Eating disorders are complicated illnesses that affect adolescents with increasing frequency. They are ranked as the 3rd most common chronic illness in adolescent female, with a dramatic increasing rate over the past three decades. The causes of eating disorders are broadly accepted to be a combination of several factors: genetic, psychological, and sociocultural.
Eating disorders are extensive patterns of behavior driven by tremendous fear, anxiety and guilt from the person suffering it.

The three main eating disorders are: Anorexia nervosa, Bulimia nervosa and Binge eating disorder

  • Anorexia nervosa is an eating disorder in which people maintain a weight that is below average for their age and height. People with anorexia nervosa have an intense fear of gaining weight, therefore, always worried with food, and having a distorted body image. To stay underweight, they may starve themselves, eat sparsely and infrequently, purge food by vomiting or using laxatives, or exercise extremely.
  • Bulimia nervosa is manifested by series of extreme overeating and feelings of loss of control about eating, followed by purging or other behaviors to compensate for the overeating like vomiting, exercise or use of laxatives. Binge eating is often done in private because most people with bulimia nervosa are of average weight or even slightly overweight, it might not be readily apparent to others that something is wrong.
  • Binge eating disorder is characterized by recurrent episodes of extreme overeating and in secret but do not attempt to get rid of calories once the food is consumed. People with binge eating disorder may be embarrassed or feel guilty about binge eating, but they feel such a compulsion that they cannot stop. These people can have average weight, overweight or obese.

Unique features of adolescents and the developmental process of adolescence are often crucial considerations in determining the diagnosis, the treatment or outcome of the eating disorder.

Therefore, each adolescent has to be considered separately and differentiated from adults patients with eating disorders. It is important to realize that the list of red flags given below serve as a guidance, however, it can diverge for each adolescent.

12 Red Flags

1. Body insecurity
Having negative or obsessive thoughts about body size or shape. Persistent worries or complaints about being fat or the need to loose weight. Comparisons to other individuals and their shape/weight. (However, eating disorders are possible without body insecurity).

2. Intense and extreme exercise
Obsessive about doing exercise, sometimes even daily. Also, obsessive about exercise even when injured, tired or sick.

3. Fear of eating in front of others
Avoids situations that include eating in front of other or in public. Becoming more avoidant, secretive, irritable or anxious in the content of food (ex: difficulty at the family meal or going out for meals) Makes excuses about not being able to eat with friends or family.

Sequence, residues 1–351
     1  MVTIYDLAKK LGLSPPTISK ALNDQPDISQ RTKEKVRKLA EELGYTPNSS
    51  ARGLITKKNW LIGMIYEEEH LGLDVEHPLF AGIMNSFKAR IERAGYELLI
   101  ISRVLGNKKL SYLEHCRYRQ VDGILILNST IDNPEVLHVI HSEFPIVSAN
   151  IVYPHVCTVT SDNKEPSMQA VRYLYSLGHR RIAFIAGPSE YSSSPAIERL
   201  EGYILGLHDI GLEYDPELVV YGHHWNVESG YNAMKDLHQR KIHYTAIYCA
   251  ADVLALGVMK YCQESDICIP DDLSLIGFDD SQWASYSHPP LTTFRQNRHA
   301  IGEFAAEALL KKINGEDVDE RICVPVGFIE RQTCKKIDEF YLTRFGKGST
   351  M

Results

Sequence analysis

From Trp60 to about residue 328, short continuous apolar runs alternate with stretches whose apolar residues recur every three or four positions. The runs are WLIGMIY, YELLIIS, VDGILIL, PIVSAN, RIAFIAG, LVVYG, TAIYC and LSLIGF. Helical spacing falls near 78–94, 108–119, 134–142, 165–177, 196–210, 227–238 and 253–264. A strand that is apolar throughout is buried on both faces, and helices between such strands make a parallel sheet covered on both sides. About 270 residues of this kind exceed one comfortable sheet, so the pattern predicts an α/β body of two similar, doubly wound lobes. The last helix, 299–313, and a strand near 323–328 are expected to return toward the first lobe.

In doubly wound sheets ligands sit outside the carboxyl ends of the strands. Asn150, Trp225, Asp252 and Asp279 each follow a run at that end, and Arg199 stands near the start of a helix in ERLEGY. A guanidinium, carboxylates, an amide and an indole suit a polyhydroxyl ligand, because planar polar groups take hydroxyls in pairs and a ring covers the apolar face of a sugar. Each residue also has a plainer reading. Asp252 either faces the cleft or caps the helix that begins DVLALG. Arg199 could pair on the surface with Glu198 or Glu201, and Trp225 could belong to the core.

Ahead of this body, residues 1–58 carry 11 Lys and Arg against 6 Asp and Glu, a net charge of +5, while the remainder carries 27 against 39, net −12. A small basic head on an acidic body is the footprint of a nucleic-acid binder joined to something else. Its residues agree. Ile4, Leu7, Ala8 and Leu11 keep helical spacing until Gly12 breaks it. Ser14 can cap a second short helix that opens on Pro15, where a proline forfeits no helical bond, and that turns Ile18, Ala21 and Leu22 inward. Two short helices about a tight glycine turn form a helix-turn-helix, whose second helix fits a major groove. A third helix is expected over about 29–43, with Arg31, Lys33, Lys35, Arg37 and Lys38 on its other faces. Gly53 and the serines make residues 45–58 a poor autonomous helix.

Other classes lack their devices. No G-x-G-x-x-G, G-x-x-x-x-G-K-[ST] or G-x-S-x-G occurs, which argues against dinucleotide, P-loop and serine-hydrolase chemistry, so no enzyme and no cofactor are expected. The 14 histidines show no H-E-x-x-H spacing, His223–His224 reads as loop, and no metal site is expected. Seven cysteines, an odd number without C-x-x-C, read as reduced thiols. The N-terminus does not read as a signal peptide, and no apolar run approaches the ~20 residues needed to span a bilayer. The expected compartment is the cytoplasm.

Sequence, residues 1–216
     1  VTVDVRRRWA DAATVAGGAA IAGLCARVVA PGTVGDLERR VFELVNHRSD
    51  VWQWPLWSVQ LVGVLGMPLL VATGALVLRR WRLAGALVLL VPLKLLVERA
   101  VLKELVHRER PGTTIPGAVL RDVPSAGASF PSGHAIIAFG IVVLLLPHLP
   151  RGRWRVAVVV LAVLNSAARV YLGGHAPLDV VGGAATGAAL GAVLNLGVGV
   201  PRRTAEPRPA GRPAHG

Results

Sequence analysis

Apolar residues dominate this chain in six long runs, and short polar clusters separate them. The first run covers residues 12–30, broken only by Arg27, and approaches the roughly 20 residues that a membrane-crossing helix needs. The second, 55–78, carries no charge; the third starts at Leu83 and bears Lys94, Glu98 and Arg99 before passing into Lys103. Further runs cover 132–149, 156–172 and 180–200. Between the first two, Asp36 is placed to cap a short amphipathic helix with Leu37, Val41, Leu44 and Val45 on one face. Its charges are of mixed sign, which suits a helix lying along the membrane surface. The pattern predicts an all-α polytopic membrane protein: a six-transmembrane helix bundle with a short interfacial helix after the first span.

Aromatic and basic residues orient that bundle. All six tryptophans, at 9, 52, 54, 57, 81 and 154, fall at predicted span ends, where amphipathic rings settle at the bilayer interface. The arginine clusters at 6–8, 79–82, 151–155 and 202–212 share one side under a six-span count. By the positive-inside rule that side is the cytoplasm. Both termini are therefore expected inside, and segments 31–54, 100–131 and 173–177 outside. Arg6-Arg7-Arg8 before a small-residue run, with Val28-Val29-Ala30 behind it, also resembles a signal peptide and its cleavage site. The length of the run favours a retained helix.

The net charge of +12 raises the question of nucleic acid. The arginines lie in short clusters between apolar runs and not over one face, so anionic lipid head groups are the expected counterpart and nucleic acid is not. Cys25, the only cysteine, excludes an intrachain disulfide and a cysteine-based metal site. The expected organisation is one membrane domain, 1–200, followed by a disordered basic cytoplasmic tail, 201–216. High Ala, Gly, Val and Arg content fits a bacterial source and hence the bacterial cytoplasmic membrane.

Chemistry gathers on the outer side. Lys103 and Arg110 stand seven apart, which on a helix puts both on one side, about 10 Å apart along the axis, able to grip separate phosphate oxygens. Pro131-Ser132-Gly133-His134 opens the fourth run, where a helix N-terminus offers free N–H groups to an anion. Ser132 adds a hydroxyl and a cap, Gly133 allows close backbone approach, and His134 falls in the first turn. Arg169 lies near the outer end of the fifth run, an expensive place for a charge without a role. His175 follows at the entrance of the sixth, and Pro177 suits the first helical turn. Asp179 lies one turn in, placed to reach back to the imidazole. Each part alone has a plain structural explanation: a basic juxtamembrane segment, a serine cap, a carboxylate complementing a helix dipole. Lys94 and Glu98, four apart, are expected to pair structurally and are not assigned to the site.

4. Pleasure in others’ eating
Prepares elaborate meals for others, especially foods with high caloric intake that he/she will not eat.

5.Changes in appearance and clothing
Significant weight loss or again. Major hair loss, dry hair or skin or excessive facial or body hair. Also, change of clothing style (ex: baggies and bigger clothes).

6. Physiological changes
Develops unusual sleep patterns (ex: insomnia) and high sensitivy to low temperatures, feels tired most of the time, menstruation changes or there is an absence of it (amenorrhea). Also, constipation, stomach pain and dental cavities might be signs of having an ED.

7. Excessively restricting foods
Considers certain foods or groups of food completely off limits. Denying to eat or making excuses not to eat even to the point of skipping meals. There exists a incessant worry about dieting and calories.

8. Disproportionate fear
Avoids certain foods because of fear of choking or fear of purging after its intake.

9. Purging
May compensate for the food eaten through vomits, use of laxatives or diuretic abuse. As soon as the meal is over, leave the table immediately to purge.

10. Secretive eating
Large amounts of food disappear over short periods of time. Also, hoarding food can become part of the disease. A person may stockpile large amounts of food in various places where are binge may typically occur for them: car, home, break room, etc. Finding wrappers or containers that might indicate secret consumption of large quantities of food.

11. Eating rituals
When it comes time to eat in public, there exists a fixation to cut food into very small pieces or arrange food in a certain way to make it seem like they’re eating, while little or no food is consumed.

12. Isolation
There exists withdraws from usual friends, family and activities that used to be enjoyed before. Tends to isolate themselves in the room and get moody especially after eating. There is constant irritability and persistent low mood.

If your son/daughter or close friend you care about has changed their relationship with food, is skipping meals, making excuses for not eating, following a very limiting diet or focuses compulsively on eating, they could be suffering from an eating disorder. If left untreated, eating disorders can lead to serious illness and even death. Those girls with lower body weight can lose their menstrual periods, which could possibly lead to osteopenia, early bone loss that can lead to painful fractures. Also, eating disorders are highly related to other serious health troubles such as kidney disease and heart disease. Therefore, it is important to express your concerns in a caring and loving manner. If it’s your kid, speak with a professional, since teens are especially at risk and early intervention is key.

Division of Psychology, Psychotherapy and Coaching
Rita Lara
Psychologist
Adults and adolescents
Languages: English and Spanish
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